From Wikipedia, the free encyclopedia
Jump to: navigation, search
Yakitori being grilled
Several yakitori in food court areas

Yakitori (焼き鳥, やきとり, ヤキトリ?), grilled chicken, is a Japanese type of skewered chicken. The term "yakitori" can also refer to skewered food in general. Kushiyaki (skewer grilled), is a formal term that encompasses both poultry and non-poultry items, skewered and grilled. Both yakitori and kushiyaki are used interchangeably in Japanese society to refer to skewered meat collectively; however, when referring to a specific item, yakitori will not be used unless the primary meat is chicken.[citation needed]

The preparation of Yakitori involves skewering the meat with kushi (串, くし), Japanese skewers typically made of steel, bamboo, or similar materials, and then grilling said skewers over a charcoal fire. During or after cooking, the meat is typically seasoned with tare sauce or salt.

Yakitori-ya (焼き鳥屋, やきとりや) are traditionally small restaurants or stands that grill yakitori to order over charcoal, to be consumed alongside alcoholic beverages (usually beer or shōchū) in the evening. These establishments are known for their informal and convivial atmospheres, and are popular gathering places particularly for young people and office workers on their way home. In some parts of Japan, large numbers of yakitori-ya can be found clustered together in one street or alley, such as Tokyo's Omoide-yokocho, located in Shinjuku. Along with Yakitori-ya, yakitori is sold in the evening as street food from carts or stalls known as yatai.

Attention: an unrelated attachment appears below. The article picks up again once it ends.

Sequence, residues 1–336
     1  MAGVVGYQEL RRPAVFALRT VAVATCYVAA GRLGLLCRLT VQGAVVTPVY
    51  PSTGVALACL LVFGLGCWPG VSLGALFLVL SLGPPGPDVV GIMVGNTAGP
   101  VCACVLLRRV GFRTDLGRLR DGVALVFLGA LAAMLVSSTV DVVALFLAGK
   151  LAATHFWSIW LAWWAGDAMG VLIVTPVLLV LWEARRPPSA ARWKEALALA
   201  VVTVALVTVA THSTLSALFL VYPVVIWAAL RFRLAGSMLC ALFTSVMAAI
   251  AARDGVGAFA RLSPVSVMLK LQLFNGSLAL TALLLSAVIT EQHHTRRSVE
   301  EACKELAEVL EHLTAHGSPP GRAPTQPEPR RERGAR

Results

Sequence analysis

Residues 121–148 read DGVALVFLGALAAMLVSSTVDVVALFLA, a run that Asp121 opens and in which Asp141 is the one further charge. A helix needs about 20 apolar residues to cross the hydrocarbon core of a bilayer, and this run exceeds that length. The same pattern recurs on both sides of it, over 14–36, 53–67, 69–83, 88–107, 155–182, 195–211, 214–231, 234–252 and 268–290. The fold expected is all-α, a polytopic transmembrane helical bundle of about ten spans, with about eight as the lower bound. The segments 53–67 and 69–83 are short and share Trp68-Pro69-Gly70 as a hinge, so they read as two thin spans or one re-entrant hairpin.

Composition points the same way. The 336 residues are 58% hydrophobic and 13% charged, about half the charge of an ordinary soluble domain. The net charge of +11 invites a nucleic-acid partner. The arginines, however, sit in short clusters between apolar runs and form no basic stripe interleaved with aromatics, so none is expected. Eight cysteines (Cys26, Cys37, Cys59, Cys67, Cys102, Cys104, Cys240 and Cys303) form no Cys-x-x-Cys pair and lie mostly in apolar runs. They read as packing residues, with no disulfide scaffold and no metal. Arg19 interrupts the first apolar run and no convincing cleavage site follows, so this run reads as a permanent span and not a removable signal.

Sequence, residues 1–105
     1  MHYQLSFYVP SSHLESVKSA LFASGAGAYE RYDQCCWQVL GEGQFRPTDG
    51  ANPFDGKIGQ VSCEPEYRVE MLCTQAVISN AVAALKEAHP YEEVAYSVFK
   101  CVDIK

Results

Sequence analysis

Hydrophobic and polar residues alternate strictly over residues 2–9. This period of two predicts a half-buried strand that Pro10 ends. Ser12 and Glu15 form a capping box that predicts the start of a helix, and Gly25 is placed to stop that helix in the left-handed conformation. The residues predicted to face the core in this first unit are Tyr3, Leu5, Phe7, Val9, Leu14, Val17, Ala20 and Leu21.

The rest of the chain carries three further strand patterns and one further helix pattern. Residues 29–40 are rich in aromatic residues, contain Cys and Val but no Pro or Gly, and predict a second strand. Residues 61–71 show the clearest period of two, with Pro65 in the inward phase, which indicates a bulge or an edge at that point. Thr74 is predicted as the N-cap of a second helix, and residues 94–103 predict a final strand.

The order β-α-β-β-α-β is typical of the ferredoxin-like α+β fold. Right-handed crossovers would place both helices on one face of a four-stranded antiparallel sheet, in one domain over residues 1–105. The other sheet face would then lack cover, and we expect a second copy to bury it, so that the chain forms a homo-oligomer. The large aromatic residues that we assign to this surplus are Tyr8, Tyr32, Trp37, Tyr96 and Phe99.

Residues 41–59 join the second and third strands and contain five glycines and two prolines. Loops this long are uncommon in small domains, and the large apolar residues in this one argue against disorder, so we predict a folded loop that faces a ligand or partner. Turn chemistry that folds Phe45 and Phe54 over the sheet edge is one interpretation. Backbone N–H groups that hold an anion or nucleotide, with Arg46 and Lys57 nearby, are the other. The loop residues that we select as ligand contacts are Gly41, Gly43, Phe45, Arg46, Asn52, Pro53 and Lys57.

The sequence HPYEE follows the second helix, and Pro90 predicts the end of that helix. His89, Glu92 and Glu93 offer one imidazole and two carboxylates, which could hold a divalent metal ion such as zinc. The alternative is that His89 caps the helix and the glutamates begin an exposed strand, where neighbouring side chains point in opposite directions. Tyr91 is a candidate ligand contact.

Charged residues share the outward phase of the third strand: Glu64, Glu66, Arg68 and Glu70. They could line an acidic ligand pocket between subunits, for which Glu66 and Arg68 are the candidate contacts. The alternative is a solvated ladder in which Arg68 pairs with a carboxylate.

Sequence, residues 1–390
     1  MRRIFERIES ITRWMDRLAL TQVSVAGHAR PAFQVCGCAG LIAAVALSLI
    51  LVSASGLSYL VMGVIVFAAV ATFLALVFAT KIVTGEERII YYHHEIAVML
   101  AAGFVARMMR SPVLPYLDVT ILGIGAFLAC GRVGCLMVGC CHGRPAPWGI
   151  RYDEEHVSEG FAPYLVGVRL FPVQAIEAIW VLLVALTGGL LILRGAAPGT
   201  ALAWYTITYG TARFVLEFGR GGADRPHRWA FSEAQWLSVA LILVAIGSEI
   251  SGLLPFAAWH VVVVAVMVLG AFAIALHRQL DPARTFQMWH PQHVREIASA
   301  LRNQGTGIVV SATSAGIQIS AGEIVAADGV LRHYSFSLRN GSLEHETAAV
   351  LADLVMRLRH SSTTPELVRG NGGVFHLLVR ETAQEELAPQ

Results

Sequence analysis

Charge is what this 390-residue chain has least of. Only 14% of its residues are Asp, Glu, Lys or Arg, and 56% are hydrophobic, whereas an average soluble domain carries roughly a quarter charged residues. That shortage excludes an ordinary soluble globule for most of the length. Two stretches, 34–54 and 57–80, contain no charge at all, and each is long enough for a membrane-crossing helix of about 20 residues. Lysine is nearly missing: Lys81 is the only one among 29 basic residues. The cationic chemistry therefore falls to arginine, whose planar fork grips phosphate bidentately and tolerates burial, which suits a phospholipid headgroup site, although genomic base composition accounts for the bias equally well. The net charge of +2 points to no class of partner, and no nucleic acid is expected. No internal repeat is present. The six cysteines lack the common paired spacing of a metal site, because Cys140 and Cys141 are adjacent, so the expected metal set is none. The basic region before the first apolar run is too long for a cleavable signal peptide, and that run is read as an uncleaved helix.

Yakitori is made with several bite-sized pieces of chicken meat, or chicken offal, mounted on a bamboo skewer and grilled, usually over binchōtan charcoal.

Diners ordering yakitori usually have a choice of having it cooked with salt (shio), or with tare sauce, which is generally made up of mirin, sake, soy sauce and sugar. The sauce is applied to the skewered meat which is grilled until delicately cooked.

  • momo (もも), chicken thigh
  • "negima" (ねぎま), chicken and spring onion
  • tsukune (つくね), chicken meatballs
  • (tori)kawa ((とり)かわ), chicken skin, grilled until crispy
  • tebasaki (手羽先), chicken wing
  • bonjiri (ぼんじり), chicken tail
  • shiro (シロ), chicken small intestines
  • nankotsu (なんこつ), chicken cartilage
  • hāto / hatsu (ハート / ハツ) or kokoro (こころ), chicken heart
  • rebā (レバー), liver
  • sunagimo (砂肝) or zuri (ずり), chicken gizzard
  • toriniku (鶏肉), all white meat on skewer
  • yotsumi (四つ身), pieces of chicken breast

Common non-poultry dishes[edit]

These are not "yakitori" per se being something other than chicken. Both yakitori and these skewered dishes are more correctly referred to as "kushiyaki."

  • ikada (筏) (lit. raft), Japanese scallion, with two skewers to prevent rotation
  • gyūtan (牛タン), beef tongue, sliced thinly
  • atsuage tōfu (厚揚げとうふ), thicker variety of deep-fried tofu
  • enoki maki (エノキ巻き), enoki mushrooms wrapped in slices of pork
  • pīman (ピーマン), green bellpepper
  • asuparabēkon (アスパラベーコン), asparagus wrapped in bacon
  • butabara (豚ばら), pork belly
  • ninniku (にんにく), garlic
  • shishito (獅子唐), Japanese pepper

See also[edit]


External links[edit]

"Udon Noodles." Udon Noodles. Web. 18 Apr. 2015. <http://www.japan-guide.com/r/e105.html>.